I think my biggest issue with this book is that the story arc just felt very flat. They guys meet, and then each goes about their lives, occasionally interacting. But not much happens here and even the ending felt somewhat anticlimactic. Jonas and Nick’s journeys felt very individual, and they spend so little time together on page that I never really felt invested in them as a couple. They were likable, but I just didn’t feel the chemistry or the need to see them succeed together like I usually do.
And strangely, they felt somewhat interchangeable as characters. Even at the end of the book I kept having to remind myself which was which. I think perhaps because both these men are going through emotional upheavals, their character arcs are very similar. And both have dogs, both are new to the town. Despite the fact that they each have interesting jobs, we see very little of either of them at work. So even that distinguishing factor is lessened. I liked them both, but they just both felt a little bland to me.
One of my favorite parts of the book, and what I think will be a spark for many readers, are the guys’ dogs. Jonas adopts a St. Bernard mix right before moving, and Nick ends up inheriting his father’s dog and a new puppy. The animals are adorable and charming, and seeing Nick nursing the tiny puppy and holding him in a sling against his chest gave me all those warm feelings. Bentham really captures not just the love these men have for the animals, but how much comfort and support the dogs provide to each of them.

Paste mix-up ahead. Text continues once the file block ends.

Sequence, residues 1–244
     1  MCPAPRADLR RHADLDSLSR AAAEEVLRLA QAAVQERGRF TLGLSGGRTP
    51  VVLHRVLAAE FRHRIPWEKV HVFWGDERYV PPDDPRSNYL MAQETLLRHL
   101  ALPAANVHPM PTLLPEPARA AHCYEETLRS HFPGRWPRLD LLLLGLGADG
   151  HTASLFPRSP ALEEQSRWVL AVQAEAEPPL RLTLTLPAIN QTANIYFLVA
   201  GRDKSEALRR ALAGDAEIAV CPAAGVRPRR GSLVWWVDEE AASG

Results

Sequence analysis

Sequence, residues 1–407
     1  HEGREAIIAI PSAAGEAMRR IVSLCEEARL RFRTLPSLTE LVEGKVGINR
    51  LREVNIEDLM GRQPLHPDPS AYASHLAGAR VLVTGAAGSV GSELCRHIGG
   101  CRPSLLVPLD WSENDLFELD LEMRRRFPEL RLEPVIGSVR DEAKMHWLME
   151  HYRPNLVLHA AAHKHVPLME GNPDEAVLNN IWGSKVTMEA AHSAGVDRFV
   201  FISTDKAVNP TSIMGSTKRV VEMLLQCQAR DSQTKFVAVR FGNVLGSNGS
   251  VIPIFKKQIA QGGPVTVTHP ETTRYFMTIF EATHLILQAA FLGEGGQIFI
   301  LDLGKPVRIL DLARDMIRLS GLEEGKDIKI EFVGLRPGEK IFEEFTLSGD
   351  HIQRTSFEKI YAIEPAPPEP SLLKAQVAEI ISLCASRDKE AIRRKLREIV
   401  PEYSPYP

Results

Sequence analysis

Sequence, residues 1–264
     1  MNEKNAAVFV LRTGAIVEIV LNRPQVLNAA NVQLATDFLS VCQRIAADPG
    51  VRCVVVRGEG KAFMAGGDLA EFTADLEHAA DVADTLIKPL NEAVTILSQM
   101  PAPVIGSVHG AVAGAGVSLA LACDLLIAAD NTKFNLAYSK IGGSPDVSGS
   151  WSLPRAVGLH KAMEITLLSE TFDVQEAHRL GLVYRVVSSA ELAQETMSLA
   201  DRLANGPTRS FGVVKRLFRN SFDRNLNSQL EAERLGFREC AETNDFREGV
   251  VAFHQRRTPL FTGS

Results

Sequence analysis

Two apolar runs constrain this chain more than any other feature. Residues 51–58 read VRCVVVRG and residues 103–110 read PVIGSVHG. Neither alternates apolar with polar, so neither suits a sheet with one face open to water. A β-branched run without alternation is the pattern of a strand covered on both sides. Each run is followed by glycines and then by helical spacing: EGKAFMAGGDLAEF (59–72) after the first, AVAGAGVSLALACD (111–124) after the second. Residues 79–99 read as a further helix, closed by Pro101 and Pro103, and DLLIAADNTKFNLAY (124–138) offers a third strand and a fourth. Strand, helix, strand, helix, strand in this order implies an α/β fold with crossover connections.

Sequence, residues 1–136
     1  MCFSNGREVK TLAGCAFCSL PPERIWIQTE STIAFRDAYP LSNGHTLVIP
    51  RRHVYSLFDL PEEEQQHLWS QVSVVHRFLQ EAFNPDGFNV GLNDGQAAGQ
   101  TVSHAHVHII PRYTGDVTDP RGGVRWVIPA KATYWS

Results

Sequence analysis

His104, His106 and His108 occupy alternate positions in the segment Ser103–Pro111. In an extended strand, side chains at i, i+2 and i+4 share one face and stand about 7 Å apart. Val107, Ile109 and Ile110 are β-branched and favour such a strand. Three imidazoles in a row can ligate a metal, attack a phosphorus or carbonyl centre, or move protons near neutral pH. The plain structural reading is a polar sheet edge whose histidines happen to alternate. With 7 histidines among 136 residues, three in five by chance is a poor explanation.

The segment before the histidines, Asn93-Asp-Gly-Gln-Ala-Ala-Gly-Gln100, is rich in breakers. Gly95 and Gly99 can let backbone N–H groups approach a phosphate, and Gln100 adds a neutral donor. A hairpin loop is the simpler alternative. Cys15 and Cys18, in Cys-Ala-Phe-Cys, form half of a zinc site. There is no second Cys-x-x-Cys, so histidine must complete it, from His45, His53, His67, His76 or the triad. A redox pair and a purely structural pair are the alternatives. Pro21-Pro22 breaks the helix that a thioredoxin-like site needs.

So I think this was a story with lots of nice elements. Bentham really captures that sense of grief Nick experiences and the daunting task that he faces. We see both these men struggle with the loss of something in their lives and the attempt to find their way. And the dogs are an adorable highlight of the story. I just think overall it was a little too flat for me. There just wasn’t enough tension in the plot or intensity of the characters to really draw me into the story fully. So while it was a pleasant read, it didn’t captivate me like some of Bentham’s other work. But I do think this story will work for many, especially if you are an animal lover or a fan of the hurt/comfort theme.